ONA18 is the Online News Association's Annual Conference for the journalism industry.
Session: Lessons from Black Twitter: Inclusive Reporting in Diverse Communites
"A Knight Foundation analysis of interactions between Twitter۪s Black, Feminist and Asian-American subcultures and the news media that cover them shows well-placed mistrust, cynical story mining and ambivalent engagement. We۪''ll unpack why this happens with an eye toward making news more representative and accurate."
This session is designed for:
-- Journalists covering underserved or difficult to reach communities
-- Organizations looking to improve engagement and build positive feedback loops
-- Anyone who wants to understand how communities develop and establish a voice in the online space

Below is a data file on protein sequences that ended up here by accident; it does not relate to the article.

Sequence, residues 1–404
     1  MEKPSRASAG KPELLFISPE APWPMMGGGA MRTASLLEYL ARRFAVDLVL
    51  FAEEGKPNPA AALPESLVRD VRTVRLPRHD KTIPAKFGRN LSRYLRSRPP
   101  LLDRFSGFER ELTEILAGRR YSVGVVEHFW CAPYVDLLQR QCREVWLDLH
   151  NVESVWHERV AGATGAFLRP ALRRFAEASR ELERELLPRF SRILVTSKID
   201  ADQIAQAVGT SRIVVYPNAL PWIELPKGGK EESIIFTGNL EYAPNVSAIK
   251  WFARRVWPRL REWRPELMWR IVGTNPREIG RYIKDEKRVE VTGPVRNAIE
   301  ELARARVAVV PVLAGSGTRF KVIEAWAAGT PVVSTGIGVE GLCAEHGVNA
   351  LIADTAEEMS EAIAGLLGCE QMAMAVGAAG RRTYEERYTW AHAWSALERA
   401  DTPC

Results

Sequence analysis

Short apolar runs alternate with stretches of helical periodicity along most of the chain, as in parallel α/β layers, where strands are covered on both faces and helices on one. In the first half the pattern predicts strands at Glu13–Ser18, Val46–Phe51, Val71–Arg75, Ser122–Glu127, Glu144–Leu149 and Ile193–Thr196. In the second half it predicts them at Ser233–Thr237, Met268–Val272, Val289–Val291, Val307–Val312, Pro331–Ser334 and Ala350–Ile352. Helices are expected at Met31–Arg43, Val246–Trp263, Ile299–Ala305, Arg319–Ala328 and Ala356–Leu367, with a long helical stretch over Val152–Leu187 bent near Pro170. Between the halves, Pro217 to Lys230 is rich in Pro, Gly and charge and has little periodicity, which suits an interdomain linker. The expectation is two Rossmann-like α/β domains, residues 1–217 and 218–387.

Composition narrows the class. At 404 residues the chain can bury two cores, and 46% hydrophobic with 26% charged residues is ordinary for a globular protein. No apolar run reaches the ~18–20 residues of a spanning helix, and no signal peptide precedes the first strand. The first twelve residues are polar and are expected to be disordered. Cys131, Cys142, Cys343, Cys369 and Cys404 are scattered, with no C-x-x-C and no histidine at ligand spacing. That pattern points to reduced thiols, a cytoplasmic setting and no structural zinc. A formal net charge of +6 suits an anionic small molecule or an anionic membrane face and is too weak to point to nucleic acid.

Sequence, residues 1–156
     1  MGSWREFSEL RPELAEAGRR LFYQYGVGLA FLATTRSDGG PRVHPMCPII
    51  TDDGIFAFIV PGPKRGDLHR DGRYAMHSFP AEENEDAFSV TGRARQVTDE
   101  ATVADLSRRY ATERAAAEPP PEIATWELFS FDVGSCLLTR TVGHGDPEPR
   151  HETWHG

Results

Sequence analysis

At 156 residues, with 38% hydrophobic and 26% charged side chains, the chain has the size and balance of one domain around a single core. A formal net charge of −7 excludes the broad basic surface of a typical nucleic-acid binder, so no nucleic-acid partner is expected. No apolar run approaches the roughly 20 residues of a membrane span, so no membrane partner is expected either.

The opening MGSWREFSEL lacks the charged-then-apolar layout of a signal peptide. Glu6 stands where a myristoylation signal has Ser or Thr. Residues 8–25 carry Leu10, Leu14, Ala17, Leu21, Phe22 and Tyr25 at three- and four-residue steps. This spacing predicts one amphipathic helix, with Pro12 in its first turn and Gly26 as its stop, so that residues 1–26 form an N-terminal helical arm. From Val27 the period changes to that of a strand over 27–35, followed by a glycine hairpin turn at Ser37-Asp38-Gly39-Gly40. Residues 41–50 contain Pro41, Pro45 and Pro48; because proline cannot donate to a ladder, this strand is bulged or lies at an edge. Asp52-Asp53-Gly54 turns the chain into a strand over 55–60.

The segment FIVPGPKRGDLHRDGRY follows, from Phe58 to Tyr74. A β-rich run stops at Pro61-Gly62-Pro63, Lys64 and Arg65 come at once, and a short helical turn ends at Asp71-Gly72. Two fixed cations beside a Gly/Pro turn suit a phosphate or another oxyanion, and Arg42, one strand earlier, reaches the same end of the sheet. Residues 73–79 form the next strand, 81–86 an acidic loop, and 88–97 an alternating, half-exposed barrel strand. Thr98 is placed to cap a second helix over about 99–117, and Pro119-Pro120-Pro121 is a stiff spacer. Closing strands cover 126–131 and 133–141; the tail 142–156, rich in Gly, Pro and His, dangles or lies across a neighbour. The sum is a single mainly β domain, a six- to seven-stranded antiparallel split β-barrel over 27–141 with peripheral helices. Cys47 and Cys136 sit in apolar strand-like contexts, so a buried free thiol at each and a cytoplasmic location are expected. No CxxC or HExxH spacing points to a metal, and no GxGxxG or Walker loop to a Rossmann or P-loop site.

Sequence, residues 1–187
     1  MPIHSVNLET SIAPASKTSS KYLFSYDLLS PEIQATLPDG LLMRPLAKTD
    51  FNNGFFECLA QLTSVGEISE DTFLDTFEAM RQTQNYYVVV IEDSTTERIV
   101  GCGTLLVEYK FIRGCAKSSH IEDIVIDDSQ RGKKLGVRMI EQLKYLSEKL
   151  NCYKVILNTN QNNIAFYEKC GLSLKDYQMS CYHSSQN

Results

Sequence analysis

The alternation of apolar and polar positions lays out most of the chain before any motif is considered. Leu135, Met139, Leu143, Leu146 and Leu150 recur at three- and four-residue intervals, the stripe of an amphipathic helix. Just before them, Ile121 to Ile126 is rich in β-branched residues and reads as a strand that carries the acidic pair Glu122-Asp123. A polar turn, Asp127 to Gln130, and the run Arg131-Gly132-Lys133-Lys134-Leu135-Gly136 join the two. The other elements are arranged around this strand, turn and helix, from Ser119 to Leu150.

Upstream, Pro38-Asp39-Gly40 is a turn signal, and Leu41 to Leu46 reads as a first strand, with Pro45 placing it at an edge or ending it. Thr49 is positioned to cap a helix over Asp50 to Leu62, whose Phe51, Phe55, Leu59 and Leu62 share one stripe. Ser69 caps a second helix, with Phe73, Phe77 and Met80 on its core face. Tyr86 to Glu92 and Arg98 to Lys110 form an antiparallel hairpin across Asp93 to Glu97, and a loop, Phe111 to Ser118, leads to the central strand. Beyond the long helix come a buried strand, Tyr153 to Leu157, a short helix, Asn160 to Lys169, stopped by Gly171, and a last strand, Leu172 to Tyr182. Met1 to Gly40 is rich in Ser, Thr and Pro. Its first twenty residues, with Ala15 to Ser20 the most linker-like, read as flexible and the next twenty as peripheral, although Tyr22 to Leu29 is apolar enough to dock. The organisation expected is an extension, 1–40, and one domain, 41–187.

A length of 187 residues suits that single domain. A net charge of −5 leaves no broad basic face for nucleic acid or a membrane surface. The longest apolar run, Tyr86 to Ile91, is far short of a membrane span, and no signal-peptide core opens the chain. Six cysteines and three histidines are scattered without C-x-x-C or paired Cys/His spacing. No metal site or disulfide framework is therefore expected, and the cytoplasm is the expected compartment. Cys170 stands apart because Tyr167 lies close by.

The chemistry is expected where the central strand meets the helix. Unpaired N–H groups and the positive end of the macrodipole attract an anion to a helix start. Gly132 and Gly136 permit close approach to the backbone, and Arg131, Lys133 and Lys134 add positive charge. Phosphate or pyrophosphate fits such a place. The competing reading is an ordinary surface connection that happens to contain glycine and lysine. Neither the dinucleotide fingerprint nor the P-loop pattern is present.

Panelists Paul Cheung, Meredith Clark, Nisha Chittal, and Anusha Alikhan
Social handles for the panelists #ONA18 #ONA18Inclusion
Key findings from the Knight Foundation report (kng.ht/twittermedia)
-- Journalists uses Twitter as a story source
-- Underrepresented communities distrust the media and don't like having their tweets harvested for articles without their permission (fear of harrassment)
-- Likes don't equal favorability
"People want you to talk to them like they are human beings," says Meredith Clark, especially in these misrepresented or underrepresented communities. People want journalists to get context on their community and stories when you are covering them, understand their history, and then follow up afterwards - let them know where the reporting is going/went, says Meredith Clark.
Asian Twitter and Black Twitter do not represent those entire communites, they are slices of a community, says Paul Cheung.